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The Fallacy Fallacy

Updated: Aug 23, 2022

An explanation of a hilariously-named logical fallacy – and what to watch for as a debater.

Logical fallacies can be wonderful to spot in your opponents' arguments. But remember to explain why it is important that something is fallacious.


What is it?

The fallacy fallacy is when you assume that just because an argument is fallacious, its conclusion is untrue. Something can still be correct even if the logic used to get there is fallacious.

Here's an example of a fallacious argument: The ground is wet when it rains. The ground is wet, therefore it is raining.

The fallacy fallacy would be committed if we immediately assumed that the conclusion is false just because the logic is faulty. It is possible that it is raining, even though the argument itself does not prove it. Dismissing it simply on the grounds that the logic is fallacious is the fallacy fallacy.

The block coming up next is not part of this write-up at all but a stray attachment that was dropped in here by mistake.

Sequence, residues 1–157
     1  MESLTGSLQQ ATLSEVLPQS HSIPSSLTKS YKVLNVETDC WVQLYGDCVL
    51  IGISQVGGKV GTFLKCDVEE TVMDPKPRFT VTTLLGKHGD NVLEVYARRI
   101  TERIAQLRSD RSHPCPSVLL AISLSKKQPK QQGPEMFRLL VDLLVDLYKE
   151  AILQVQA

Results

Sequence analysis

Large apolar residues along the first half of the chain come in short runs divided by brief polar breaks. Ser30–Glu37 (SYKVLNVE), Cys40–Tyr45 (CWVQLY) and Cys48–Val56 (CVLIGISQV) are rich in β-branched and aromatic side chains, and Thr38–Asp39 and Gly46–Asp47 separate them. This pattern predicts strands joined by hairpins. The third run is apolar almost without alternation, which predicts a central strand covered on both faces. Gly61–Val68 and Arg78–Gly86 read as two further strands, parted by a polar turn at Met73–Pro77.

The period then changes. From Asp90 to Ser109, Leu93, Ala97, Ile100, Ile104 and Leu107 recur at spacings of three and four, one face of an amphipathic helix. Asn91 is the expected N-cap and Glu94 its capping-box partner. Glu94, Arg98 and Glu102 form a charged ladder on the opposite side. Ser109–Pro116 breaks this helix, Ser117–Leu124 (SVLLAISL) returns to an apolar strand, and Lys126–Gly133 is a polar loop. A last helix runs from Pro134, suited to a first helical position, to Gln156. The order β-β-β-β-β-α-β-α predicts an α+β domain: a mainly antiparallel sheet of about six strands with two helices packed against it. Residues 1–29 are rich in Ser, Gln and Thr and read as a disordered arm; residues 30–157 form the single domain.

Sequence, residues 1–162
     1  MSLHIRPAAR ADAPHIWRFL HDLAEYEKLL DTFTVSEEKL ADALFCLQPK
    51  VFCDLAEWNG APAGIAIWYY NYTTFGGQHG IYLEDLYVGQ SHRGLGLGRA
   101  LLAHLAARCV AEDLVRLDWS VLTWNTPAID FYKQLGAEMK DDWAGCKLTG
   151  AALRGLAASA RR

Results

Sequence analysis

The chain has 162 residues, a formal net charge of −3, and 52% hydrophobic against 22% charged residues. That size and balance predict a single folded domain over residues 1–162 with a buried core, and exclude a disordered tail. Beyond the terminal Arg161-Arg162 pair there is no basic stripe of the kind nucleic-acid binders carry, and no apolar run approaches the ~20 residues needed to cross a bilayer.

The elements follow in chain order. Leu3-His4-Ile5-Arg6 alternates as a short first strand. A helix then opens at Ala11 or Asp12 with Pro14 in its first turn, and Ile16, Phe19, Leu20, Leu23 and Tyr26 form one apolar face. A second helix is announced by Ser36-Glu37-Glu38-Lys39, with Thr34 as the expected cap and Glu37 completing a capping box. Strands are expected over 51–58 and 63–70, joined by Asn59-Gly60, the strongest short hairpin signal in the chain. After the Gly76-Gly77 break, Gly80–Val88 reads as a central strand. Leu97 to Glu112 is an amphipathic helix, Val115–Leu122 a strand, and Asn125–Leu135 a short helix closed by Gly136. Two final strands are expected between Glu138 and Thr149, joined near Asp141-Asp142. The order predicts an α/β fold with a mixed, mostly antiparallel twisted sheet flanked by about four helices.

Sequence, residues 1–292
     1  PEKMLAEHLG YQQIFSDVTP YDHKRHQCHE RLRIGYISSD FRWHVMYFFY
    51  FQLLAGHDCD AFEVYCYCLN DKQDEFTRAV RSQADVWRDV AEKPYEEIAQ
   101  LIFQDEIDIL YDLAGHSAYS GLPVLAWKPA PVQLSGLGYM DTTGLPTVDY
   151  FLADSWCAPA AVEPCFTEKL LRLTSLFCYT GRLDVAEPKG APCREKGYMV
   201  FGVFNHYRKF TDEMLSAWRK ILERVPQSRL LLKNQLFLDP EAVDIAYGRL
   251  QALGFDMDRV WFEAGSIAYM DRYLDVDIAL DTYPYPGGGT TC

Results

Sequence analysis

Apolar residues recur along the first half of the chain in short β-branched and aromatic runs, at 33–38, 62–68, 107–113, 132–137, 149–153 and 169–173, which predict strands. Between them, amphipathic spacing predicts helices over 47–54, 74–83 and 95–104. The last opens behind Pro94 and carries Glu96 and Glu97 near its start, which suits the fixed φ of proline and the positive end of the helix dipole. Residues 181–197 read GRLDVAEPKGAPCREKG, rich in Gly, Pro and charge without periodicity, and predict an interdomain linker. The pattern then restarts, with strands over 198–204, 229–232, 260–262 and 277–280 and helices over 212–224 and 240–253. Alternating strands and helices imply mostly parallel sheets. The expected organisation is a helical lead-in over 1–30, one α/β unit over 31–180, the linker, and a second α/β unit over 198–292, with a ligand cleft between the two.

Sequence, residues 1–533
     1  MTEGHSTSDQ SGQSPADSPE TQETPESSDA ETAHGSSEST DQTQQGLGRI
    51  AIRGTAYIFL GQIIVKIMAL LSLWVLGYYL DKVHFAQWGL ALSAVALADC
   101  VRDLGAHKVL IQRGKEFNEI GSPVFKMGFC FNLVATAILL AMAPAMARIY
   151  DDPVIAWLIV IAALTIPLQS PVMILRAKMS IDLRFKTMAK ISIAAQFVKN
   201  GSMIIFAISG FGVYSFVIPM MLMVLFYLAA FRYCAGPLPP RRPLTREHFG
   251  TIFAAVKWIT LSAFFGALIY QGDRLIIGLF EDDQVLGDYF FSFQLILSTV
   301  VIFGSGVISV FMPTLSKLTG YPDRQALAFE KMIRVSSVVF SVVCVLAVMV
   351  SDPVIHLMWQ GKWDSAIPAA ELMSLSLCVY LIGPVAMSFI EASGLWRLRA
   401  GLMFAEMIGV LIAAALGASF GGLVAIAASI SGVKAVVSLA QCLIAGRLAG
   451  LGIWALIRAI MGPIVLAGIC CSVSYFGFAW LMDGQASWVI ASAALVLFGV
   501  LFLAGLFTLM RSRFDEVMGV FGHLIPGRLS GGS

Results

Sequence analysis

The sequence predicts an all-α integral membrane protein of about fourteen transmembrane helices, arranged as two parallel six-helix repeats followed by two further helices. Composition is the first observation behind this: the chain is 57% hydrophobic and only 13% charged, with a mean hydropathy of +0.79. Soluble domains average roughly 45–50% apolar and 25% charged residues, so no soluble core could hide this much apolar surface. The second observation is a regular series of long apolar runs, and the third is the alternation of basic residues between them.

How to avoid it

The best way to avoid committing the fallacy fallacy when pointing out yet another fallacy is to argue against the conclusion and premise themselves, not just illustrate a gap in your opponent's reasoning. Thoroughly explain any logical inconsistencies, but remember they do not substitute for attacks.

With that being said, what are some of the most common fallacies you hear, whether from politicians or just in day-to-day life? Share them in our poll below.

What are the most common fallacies you notice?

  • Non-sequitur

  • Appeal to emotion

  • Overgeneralization

  • The fallacy fallacy!

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